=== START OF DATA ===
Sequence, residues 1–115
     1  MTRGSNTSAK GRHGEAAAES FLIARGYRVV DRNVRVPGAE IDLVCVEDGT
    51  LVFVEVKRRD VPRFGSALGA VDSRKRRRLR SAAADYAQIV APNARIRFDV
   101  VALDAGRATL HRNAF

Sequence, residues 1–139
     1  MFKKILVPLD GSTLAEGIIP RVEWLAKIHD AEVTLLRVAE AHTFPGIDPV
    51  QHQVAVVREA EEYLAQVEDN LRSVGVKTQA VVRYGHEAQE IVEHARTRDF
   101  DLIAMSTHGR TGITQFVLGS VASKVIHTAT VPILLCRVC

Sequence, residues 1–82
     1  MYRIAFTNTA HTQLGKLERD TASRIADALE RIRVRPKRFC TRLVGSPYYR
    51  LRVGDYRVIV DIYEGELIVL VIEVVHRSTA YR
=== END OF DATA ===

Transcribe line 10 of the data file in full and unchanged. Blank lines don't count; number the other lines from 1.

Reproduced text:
     1  MYRIAFTNTA HTQLGKLERD TASRIADALE RIRVRPKRFC TRLVGSPYYR